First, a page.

Even before a Covid-19 vaccine is ready, top health officials want to build public support for getting the shot, particularly among Black Americans who are more skeptical of the vaccine.
The U.S. needs nearly 230 million Americans to get the vaccine to ensure herd immunity, but public health officials worry that skepticism about the first vaccine for a new disease combined with historic racial inequities in health care may scare away people who would otherwise receive the shot.
“What scares me more than anything else is a third of Americans are afraid of taking a vaccine to prevent Covid-19,” Peter Marks, head of the office that regulates vaccines at the Food and Drug Administration, told industry groups early this month. “People should have the confidence that we’ve made sure what we’ve put out there will be safe, effective, high quality, and we’ll be monitoring to make sure it stays that way.”
For many parts of the country, Covid-19 has put life on pause. Businesses, churches, and schools are all struggling with whether to cautiously re-open or wait until there’s a vaccine available.
That’s why FDA leaders like Commissioner Stephen Hahn are already trying to build confidence in the public that any Covid-19 vaccine the FDA approves will be worth getting. The strategy revolves around promoting transparency—from the clinical trial process, to how the agency decides what vaccines to approve, to possible side effects.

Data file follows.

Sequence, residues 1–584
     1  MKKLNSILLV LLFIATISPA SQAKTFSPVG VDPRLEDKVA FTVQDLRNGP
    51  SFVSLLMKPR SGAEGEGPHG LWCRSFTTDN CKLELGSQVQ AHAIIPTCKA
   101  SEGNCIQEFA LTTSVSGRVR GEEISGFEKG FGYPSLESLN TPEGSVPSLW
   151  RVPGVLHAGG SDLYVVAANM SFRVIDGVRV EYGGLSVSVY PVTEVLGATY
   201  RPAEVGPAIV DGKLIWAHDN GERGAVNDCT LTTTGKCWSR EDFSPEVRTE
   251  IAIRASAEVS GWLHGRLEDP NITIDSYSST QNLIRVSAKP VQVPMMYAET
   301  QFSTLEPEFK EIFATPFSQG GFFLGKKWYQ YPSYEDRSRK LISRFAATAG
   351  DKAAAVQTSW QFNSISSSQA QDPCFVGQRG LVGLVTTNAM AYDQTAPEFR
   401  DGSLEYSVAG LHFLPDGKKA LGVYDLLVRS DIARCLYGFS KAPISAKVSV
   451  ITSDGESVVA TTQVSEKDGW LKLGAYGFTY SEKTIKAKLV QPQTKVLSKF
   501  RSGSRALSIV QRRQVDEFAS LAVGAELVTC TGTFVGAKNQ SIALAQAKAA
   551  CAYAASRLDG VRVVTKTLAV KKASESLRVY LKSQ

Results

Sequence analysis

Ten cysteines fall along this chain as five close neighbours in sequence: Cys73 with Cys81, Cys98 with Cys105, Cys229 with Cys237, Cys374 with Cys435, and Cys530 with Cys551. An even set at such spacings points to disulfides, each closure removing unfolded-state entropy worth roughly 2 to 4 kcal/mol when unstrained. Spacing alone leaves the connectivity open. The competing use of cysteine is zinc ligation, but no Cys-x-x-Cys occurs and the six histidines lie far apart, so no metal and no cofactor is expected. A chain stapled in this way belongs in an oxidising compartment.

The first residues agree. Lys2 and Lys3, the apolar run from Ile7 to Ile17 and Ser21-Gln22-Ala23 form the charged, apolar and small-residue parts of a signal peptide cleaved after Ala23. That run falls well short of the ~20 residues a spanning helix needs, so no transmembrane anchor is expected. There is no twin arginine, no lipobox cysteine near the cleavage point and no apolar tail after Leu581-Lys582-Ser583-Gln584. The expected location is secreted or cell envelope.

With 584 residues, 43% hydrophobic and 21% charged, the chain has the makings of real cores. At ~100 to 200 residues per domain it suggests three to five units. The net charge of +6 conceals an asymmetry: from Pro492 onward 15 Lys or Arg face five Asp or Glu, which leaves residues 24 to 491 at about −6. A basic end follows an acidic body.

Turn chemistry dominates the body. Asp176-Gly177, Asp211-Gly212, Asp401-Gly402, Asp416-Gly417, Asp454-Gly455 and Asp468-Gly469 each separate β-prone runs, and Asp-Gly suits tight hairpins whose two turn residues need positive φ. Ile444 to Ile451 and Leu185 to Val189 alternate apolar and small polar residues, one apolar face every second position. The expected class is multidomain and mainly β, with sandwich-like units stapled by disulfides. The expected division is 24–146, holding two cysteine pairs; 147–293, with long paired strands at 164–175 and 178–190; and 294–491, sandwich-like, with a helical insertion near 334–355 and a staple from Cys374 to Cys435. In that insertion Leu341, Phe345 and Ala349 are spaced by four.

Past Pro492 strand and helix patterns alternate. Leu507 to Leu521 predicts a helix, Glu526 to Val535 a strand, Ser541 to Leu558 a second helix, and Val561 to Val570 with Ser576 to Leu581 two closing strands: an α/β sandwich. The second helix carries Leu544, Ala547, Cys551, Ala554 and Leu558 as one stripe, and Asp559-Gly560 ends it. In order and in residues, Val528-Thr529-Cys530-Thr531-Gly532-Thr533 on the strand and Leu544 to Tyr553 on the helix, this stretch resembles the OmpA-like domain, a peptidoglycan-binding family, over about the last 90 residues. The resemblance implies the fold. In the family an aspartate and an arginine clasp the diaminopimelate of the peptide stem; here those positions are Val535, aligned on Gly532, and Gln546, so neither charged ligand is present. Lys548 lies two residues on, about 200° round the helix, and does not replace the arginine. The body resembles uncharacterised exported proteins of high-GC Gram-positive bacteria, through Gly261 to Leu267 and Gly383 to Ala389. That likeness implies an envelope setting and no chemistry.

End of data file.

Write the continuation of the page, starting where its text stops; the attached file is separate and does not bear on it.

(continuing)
Federal leaders are trying especially hard to understand what Black Americans—who are disproportionately affected by Covid-19 but who are also more hesitant compared with other groups—need to know to feel comfortable getting vaccinated.
“I want to assure your viewers that we won’t cut corners on this,” Hahn told Sen. Tim Scott (R-S.C.) in an Instagram Live video last week. “If you think it’s rushed or its not safe, I’m happy to address it by being transparent...so when a safe vaccine is authorized by FDA, people will be willing to take it.”
Roughly half of Black Americans say they’d “definitely” or “probably” get a coronavirus vaccine if one were available today, whereas the majority of White and Hispanic adults said they would get one, according to a June report by the Pew Research Center.
Empowerment Over Transparency
The FDA released a general outline in late June for what it wants to see in a Covid-19 vaccine applicant. The guidance encouraged racial diversity and inclusion of elderly people and pregnant women, but it didn’t mandate demographic breakdowns in trials or include specific targets.
While transparency is a step in the right direction, “it doesn’t go far enough,” according to Jonathan Jackson, director of the CARE Research Center at Massachusetts General Hospital, which focuses on inequities in medical research and works to boost diversity in clinical trials.
To build Covid-19 vaccine confidence with Black communities that have historically been mistreated by the medical community, health professionals have to include them in the work, he said.
“Transparency says I’m going to show you all my work. Empowerment says, why don’t you come help me with this,” which means bringing Black and Latinx voices into the clinical trial design process, including them in the manufacturing process, and bringing in local communities to “develop effective messaging encouraging people to get vaccinated,” he said.